Will the cap-and-trade repeal initiative succeed? The markets might think so

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CEI’s Stone Washington was cited in The Center Square on the repeal of cap-and-trade:

Stone Washington, research fellow with the Competitive Enterprise Institute’s Center for Advancing Capitalism, had a somewhat different take.

“I both agree and disagree with the view expressed by Dr. Sjoblom,” he emailed The Center Square on Tuesday. “Washington state’s cap-and-trade law does provide for a quarterly auction system that trades allowances of emissions between participating organizations. A qualifying organization can indeed bid and purchase the allowance as if it were a futures contract, since the obtained allowance validates the company to produce a certain tonnage of greenhouse gas emissions at a proscribed period in the future.”

But not all allowances are created equal, according to Washington.

“However, this system does not represent a true futures trading regime in the traditional sense, since the allowed GHG [greenhouse gas] emissions do not represent actual commodities,” he explained. “Allowances are a sort of carbon credit, which represents a government-imposed environmental currency that merely permits business activities producing GHG emissions. By themselves, the allowances are not financial instruments and do not hold any tangible market value. As I wrote in the past, ‘such credits derive worth from a company’s attempt to decarbonize part of its operations.'”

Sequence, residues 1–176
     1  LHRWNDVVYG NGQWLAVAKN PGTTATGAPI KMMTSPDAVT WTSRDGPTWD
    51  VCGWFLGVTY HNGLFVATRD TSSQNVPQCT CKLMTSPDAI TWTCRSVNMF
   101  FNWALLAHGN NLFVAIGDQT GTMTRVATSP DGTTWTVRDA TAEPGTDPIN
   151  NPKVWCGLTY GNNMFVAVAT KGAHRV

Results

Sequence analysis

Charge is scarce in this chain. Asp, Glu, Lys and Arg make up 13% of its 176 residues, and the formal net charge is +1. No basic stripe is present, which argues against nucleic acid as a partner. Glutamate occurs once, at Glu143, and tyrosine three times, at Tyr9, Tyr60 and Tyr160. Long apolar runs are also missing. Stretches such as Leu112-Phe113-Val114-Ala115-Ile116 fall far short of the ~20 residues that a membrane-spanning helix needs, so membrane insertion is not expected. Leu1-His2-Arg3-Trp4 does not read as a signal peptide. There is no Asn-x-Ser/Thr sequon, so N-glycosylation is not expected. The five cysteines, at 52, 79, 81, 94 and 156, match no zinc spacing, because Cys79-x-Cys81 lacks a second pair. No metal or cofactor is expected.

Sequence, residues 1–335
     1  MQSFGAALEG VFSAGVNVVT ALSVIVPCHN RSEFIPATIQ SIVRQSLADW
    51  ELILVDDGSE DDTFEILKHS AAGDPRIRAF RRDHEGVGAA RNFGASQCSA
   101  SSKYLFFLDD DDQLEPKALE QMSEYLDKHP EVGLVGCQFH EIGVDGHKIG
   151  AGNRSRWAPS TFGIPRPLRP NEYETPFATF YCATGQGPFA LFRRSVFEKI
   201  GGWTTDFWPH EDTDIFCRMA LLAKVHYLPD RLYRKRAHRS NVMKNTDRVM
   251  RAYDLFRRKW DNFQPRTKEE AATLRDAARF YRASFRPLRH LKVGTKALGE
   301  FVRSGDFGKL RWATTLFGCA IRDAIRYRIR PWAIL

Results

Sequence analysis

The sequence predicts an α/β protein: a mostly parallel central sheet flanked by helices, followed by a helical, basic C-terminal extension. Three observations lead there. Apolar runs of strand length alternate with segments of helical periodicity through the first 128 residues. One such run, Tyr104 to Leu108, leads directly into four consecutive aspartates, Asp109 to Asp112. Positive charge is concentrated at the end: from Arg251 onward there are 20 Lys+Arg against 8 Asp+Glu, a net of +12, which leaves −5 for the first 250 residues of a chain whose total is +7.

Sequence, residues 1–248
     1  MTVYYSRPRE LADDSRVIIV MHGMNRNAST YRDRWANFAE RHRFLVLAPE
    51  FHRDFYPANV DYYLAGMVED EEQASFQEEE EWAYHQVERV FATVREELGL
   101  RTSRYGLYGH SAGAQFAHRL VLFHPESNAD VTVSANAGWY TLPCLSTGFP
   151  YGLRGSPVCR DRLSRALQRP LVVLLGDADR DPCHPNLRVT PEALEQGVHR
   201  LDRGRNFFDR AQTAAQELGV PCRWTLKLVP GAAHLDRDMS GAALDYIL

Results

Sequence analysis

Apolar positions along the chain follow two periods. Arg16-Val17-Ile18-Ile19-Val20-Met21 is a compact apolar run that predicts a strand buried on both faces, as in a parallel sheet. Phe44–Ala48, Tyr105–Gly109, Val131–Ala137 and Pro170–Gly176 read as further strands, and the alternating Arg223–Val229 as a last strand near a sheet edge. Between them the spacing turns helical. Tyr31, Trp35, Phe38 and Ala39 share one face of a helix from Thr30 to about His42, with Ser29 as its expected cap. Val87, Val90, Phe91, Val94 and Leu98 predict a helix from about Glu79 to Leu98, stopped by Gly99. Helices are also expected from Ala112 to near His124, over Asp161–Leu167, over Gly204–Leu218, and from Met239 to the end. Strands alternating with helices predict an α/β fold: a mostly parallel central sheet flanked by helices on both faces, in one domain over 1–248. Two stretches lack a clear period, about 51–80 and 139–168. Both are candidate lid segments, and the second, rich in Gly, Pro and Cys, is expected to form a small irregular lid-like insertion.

But that’s not the only difference between Washington’s credit futures and a conventional futures trading market “due to the fact that there is no free market incentive to participate and no reasonable means for profit generation. Only governmental proponents of Washington state’s climate change reduction agenda stand to benefit from this.”

Washington characterized the Evergreen State’s carbon auctions as “a way for companies to essentially pay the state government for conduct that was formerly unregulated, namely, industrial activity that produces GHG emissions.”

He concluded by noting, “The only incentive for organizations to participate stems from them seeking to avoid any compliance violations to the Climate Commitment Act’s goal of reducing overall emissions in the state. The burden to pay the state government hefty fines incentivizes companies not to violate the Act by purchasing as many allowances as possible under this artificial cap-and-trade market.”

Read the full article on The Center Square.